Pulsed radiofrequency application in the treatment of chronic pain

Dan C Martin, Mark L. Willis, L. Ashley Mullinax, Natalie L. Clarke, Jay A. Homburger, Ines H. Berger

Research output: Contribution to journalArticle

36 Scopus citations

Abstract

The efficacy of pulsed radiofrequency (PRF) in the treatment of painful lumbosacral spondylosis has been reported. This case series reviews 22 consecutive patients presenting to clinic who had been previously treated with PRF with good results. Patients being prescribed opioids were excluded. During the PRF application, tissue temperature was limited to 43°C. A minimum of 200mA of current was delivered in each case. The minimum current (at 50Hz) necessary to stimulate the involved nerve was recorded. The duration of time from PRF treatment until the patient requested a subsequent application was documented. The effective duration of PRF in patients treated for lumbosacral spondylosis ranged from 5 to 18months (mean ± SD: 9 ± 3.7 months; n = 16). PRF applications to dorsal root ganglia were effective from 2 to 12months (7 ± 3.8 months; n = 8). Similar results were observed when PRF was applied to cervical medial branch nerves, one suprascapular nerve, and one stellate ganglion. The mean (50Hz) sensory stimulation thresholds obtained before treatment ranged from 0.08V to 0.14V. In this select population of patients not receiving controlled substances, who had a favorable response to a previous PRF application, the duration of pain relief supports the use of PRF as an effective pain treatment.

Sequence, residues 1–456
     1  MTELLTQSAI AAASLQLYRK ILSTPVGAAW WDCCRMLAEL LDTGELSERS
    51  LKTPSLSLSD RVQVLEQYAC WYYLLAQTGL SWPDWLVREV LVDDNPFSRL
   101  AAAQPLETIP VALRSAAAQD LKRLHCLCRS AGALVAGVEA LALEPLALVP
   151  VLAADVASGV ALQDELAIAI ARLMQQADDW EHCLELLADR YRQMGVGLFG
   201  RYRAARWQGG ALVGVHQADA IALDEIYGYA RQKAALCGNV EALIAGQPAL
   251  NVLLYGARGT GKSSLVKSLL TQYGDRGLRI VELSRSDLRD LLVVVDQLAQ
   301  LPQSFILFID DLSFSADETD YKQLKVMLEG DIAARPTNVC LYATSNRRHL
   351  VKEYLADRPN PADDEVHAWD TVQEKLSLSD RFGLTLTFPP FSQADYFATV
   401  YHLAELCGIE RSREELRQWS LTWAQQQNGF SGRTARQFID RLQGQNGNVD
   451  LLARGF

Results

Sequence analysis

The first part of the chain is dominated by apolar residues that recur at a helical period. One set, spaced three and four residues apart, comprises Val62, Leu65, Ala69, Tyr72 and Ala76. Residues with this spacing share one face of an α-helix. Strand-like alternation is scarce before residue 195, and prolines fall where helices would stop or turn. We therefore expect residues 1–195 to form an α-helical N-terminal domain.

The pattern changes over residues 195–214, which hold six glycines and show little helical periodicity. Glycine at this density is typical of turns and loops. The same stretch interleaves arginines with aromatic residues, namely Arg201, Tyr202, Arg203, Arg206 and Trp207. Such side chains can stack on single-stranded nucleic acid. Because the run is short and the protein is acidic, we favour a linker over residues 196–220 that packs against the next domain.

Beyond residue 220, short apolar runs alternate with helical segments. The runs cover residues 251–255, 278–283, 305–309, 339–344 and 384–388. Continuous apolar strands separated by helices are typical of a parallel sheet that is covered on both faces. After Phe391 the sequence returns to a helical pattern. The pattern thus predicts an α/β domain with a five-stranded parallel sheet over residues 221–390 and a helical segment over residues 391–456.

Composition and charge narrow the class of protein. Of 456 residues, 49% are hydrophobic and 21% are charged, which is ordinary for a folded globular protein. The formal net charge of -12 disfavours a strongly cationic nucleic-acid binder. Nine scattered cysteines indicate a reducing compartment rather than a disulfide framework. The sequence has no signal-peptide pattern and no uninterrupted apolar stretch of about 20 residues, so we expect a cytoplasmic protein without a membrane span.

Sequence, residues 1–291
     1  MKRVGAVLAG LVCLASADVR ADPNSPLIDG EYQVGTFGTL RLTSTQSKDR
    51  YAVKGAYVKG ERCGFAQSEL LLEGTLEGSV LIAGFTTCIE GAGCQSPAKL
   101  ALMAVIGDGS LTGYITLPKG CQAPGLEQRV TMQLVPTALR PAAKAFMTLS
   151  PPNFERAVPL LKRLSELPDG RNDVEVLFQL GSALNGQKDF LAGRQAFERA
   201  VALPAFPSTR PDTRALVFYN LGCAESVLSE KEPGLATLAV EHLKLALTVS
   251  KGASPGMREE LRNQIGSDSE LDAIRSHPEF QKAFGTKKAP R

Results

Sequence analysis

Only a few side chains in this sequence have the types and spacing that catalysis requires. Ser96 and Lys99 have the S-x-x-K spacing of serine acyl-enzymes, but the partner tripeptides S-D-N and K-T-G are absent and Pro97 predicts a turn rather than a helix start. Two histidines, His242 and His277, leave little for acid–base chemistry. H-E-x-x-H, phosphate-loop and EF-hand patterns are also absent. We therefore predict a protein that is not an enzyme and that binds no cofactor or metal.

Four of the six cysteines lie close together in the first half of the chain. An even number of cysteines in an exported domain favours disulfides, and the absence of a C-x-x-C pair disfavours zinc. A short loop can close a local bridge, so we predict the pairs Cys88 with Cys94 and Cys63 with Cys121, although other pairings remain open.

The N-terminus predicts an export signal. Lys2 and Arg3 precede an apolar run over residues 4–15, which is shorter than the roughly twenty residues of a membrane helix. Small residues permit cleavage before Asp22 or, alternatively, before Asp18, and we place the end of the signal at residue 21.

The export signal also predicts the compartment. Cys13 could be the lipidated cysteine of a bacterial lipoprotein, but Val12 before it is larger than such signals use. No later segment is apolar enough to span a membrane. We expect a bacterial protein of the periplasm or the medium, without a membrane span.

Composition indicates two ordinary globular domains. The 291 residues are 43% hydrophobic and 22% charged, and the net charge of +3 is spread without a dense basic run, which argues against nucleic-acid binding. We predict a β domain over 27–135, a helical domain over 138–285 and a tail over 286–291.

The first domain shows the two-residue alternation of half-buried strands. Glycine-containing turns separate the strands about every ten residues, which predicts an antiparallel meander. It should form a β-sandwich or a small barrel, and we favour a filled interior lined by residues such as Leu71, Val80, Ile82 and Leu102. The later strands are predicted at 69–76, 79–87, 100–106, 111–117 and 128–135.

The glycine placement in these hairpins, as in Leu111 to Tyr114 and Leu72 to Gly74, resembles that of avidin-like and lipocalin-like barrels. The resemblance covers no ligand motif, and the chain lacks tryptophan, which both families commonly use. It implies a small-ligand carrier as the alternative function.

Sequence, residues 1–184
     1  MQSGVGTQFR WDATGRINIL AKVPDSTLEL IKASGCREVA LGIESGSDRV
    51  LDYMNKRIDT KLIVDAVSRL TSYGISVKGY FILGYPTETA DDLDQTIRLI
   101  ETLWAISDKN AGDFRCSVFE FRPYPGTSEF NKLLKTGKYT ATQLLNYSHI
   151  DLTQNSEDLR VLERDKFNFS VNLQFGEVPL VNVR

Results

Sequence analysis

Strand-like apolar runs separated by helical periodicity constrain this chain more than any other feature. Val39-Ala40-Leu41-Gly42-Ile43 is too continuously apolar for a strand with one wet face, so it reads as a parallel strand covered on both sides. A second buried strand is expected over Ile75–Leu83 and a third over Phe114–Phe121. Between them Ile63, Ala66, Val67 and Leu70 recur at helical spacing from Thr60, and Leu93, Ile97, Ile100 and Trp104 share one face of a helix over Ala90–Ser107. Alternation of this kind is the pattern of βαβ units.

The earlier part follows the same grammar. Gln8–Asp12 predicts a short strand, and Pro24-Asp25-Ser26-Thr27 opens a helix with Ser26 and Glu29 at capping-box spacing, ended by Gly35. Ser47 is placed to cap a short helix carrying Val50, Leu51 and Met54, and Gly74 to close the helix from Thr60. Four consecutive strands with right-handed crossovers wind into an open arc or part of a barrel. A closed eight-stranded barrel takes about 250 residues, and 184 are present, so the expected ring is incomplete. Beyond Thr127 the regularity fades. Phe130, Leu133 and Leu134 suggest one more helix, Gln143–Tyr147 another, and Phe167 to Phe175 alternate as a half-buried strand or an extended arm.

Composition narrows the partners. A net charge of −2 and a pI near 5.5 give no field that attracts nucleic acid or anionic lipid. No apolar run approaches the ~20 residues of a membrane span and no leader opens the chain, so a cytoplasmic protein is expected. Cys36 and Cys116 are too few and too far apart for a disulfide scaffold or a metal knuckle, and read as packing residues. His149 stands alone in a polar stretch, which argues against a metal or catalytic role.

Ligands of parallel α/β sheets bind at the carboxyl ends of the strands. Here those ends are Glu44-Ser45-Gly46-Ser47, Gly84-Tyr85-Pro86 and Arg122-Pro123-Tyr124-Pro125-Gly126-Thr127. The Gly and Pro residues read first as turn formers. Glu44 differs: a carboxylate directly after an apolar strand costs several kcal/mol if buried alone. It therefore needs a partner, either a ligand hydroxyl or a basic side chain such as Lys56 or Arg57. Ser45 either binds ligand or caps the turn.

Original languageEnglish (US)
Pages (from-to)31-35
Number of pages5
JournalPain Practice
Volume7
Issue number1
DOIs
StatePublished - Mar 1 2007

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Keywords

  • Dorsalroot ganglia
  • Medialbranch nerves
  • Pulsed radiofrequency
  • Suprascapular nerve

ASJC Scopus subject areas

  • Anesthesiology and Pain Medicine

Cite this

Martin, D. C., Willis, M. L., Mullinax, L. A., Clarke, N. L., Homburger, J. A., & Berger, I. H. (2007). Pulsed radiofrequency application in the treatment of chronic pain. Pain Practice, 7(1), 31-35. https://doi.org/10.1111/j.1533-2500.2007.00107.x